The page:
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by Diane L. Wilson


School Library Journal:

Gr 6-10–In 14th-century China, an elderly woman tells her granddaughter about her early life on the Mongol steppes, beginning with the day a horse crushed her tiny foot, crippling the young Oyuna. According to her nomadic clan’s religious beliefs, this incident brought bad luck to her and her family. Thereafter, she views any misfortune visited upon her family as her fault, even her mother’s accidental death. Her one joy is her new white horse. When the mare is commandeered by Kublai Khan’s forces, Oyuna dresses as a boy in order to remain with her beloved companion. When the soldiers discover her secret, they are anxious to get rid of her and quickly send her off alone to complete a mission for an injured arrow rider for the Khan. After an arduous trek, she reaches the Khan’s palace where she is instrumental in halting a plague that is killing off the ruler’s herd of white horses and meets the man whom she will marry. In the words of her own shamaness grandmother, she has learned to make her own luck. This unique coming-of-age story is steeped in the rituals and superstitions of the period and punctuated with graphic images of the harsh terrain and living conditions on the barren steppes, the treacherous mountains, and the gobi. The character of Oyuna, though a sympathetic one, seems drawn with a kind of detachment that makes it difficult to identify closely with her. Nevertheless, her story is an exciting one that will reward diligent, proficient readers.–Peggy Morgan, The Library Network, Southgate, MI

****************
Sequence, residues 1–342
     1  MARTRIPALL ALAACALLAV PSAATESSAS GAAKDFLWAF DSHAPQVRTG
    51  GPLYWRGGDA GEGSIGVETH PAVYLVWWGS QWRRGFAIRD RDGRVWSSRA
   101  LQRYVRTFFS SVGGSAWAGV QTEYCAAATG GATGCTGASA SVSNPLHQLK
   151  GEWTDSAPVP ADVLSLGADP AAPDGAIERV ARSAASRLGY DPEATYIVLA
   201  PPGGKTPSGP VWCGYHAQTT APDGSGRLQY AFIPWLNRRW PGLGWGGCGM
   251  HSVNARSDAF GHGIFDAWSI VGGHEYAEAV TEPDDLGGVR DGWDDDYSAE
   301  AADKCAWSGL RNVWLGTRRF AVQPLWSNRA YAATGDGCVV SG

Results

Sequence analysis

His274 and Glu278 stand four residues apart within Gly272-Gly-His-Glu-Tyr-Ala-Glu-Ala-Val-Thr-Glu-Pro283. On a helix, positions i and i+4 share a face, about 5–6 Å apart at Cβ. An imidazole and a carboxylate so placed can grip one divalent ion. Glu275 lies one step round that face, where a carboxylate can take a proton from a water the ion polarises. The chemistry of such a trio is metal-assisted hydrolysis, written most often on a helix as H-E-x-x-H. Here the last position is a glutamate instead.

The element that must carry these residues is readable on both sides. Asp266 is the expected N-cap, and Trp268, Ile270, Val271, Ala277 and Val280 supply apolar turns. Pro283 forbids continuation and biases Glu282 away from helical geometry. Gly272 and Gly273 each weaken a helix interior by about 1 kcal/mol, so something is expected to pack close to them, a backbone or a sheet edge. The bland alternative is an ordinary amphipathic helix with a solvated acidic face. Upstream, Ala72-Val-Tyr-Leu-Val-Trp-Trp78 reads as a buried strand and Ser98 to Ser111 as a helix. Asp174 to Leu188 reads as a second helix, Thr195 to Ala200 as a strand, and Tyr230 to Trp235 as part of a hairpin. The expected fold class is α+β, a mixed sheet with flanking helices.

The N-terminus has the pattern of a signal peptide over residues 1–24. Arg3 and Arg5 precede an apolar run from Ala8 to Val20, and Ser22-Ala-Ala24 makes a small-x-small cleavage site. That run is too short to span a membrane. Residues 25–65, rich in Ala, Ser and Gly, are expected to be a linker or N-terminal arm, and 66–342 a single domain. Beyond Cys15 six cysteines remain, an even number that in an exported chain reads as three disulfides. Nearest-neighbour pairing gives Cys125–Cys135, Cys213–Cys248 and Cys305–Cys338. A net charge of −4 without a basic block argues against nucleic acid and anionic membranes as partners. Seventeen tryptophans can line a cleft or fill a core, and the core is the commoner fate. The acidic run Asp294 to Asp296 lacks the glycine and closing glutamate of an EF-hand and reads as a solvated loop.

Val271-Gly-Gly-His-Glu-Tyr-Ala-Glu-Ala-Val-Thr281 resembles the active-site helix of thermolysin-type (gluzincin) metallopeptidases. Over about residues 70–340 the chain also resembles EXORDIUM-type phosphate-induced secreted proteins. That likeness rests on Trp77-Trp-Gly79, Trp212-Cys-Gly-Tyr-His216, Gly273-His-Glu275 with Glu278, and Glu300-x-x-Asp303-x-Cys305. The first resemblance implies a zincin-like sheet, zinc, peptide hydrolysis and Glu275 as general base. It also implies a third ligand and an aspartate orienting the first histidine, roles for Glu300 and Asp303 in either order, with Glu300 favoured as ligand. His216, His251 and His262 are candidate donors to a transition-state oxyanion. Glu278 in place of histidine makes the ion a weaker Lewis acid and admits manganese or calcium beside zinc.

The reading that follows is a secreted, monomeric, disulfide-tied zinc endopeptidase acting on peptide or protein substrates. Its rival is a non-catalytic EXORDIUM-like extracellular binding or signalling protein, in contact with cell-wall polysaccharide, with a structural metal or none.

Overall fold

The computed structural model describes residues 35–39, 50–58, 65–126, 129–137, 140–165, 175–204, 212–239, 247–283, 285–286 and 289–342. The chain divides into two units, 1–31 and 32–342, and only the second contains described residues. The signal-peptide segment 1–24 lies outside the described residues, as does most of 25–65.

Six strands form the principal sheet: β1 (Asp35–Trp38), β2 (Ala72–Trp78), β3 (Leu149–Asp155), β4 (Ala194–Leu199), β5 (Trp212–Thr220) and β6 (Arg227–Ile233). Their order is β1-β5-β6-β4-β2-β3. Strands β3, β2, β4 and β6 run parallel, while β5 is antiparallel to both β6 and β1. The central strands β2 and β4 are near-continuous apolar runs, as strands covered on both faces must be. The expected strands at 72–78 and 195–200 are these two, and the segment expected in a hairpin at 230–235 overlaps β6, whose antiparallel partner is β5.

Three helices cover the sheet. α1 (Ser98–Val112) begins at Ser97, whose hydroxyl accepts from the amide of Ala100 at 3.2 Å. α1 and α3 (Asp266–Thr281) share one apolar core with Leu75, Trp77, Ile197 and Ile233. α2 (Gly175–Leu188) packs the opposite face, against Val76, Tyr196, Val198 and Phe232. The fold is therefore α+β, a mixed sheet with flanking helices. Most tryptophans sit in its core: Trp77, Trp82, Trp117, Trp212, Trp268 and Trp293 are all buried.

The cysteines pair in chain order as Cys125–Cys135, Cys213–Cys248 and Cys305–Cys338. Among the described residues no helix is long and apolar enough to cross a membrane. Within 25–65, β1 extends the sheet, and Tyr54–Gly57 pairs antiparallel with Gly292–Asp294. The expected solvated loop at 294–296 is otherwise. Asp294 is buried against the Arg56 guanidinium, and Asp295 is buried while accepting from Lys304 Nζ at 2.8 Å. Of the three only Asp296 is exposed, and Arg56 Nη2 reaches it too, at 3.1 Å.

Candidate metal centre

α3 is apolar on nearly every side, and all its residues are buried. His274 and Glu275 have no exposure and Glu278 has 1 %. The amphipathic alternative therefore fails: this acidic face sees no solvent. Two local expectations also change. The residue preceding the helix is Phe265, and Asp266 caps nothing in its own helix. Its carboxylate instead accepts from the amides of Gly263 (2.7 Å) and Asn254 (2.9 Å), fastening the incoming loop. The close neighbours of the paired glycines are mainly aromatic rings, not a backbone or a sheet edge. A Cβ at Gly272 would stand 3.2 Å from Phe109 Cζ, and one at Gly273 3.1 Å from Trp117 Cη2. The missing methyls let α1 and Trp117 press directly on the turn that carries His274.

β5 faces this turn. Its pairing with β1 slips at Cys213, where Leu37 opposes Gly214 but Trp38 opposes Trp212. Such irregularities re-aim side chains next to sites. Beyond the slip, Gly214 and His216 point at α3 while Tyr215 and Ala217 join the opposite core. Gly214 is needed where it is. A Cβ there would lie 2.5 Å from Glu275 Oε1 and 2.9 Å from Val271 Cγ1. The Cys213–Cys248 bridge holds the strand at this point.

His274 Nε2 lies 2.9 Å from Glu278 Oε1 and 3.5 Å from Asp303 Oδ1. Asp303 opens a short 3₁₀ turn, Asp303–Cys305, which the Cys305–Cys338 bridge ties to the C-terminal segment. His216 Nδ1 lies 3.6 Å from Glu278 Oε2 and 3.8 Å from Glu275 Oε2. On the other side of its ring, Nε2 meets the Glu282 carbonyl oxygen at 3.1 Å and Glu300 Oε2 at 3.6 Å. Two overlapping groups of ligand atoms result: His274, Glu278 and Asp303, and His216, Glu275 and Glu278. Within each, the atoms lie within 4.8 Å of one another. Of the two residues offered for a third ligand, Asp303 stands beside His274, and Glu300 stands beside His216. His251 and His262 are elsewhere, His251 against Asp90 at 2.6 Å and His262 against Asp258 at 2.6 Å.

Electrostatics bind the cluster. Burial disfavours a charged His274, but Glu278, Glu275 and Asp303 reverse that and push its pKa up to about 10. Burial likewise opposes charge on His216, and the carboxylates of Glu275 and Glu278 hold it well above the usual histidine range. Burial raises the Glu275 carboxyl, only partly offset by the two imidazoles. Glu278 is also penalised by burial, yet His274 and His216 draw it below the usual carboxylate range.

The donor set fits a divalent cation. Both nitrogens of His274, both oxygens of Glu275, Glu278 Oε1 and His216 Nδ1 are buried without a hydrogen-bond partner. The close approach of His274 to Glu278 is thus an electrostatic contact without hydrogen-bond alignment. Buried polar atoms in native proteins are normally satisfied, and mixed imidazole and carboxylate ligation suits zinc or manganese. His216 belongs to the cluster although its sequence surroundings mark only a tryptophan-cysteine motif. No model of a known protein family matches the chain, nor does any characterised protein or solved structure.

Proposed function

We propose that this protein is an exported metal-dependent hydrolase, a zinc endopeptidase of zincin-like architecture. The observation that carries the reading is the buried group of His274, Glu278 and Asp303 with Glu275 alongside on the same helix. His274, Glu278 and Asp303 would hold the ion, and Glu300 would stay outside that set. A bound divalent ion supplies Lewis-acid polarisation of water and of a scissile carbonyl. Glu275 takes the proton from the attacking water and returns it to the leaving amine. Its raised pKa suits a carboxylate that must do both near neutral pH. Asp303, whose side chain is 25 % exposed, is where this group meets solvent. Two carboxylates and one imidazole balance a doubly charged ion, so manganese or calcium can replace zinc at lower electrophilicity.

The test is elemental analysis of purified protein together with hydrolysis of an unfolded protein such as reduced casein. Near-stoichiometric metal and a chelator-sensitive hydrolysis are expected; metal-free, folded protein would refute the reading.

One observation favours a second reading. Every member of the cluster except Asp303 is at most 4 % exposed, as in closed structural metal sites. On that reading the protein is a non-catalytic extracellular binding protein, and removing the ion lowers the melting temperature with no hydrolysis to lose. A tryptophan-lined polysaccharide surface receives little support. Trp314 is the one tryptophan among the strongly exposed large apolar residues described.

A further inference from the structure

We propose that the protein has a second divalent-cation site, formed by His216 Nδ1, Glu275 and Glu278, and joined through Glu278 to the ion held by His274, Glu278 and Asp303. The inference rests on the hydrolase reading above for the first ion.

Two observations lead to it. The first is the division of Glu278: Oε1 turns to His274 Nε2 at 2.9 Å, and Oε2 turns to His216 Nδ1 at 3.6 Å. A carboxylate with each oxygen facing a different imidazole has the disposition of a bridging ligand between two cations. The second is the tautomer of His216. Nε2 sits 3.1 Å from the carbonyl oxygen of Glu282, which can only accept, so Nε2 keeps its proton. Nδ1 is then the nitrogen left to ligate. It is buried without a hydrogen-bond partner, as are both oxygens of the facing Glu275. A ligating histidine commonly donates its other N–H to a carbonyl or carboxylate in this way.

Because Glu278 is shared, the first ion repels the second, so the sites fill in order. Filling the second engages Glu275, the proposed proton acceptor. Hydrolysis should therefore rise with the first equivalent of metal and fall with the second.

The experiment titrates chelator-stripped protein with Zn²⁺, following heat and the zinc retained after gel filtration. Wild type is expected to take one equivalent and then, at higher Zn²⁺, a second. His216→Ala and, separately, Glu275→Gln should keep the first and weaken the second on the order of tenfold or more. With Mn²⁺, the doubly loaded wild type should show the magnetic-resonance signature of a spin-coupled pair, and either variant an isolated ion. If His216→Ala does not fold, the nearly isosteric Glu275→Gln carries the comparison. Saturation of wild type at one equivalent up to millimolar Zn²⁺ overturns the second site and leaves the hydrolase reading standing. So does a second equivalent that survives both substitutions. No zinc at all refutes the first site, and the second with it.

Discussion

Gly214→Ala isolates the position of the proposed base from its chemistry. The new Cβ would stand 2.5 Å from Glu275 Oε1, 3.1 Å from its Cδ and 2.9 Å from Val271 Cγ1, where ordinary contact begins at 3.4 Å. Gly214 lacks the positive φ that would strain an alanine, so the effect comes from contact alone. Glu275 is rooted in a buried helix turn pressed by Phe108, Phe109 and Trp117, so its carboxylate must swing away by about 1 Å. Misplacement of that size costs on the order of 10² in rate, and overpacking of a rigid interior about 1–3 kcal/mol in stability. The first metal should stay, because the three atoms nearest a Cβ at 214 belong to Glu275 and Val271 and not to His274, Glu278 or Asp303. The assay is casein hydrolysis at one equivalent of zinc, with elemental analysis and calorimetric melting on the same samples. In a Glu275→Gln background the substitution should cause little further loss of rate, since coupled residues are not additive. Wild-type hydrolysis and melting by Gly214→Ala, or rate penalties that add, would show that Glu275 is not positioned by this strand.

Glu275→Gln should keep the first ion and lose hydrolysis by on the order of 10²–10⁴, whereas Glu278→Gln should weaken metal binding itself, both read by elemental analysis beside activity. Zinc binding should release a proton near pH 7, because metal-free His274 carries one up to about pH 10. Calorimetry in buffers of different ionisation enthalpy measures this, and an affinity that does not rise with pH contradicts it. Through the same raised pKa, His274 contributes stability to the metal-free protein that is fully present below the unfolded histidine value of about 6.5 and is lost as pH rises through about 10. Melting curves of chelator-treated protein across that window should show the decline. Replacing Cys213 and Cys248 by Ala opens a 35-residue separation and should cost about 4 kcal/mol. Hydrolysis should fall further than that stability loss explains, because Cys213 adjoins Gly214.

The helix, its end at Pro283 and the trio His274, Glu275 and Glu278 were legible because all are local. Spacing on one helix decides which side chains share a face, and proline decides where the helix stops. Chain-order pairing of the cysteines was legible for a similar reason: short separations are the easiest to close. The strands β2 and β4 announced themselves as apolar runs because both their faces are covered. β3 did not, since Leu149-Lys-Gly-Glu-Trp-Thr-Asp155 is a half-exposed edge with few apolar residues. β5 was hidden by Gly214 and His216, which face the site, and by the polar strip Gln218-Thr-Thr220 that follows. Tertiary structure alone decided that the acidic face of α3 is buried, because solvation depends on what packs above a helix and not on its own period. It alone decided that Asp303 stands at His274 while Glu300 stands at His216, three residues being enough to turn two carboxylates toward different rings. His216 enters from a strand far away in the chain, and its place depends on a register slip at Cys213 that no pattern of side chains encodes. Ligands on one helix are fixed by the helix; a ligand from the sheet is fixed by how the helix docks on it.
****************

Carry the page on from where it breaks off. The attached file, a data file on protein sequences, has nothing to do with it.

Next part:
• YALSA Best Books for Young Adults: 1999


10th Grade, 6th Grade, 7th Grade, 8th Grade, 9th Grade, Family, Teen, Women's Rights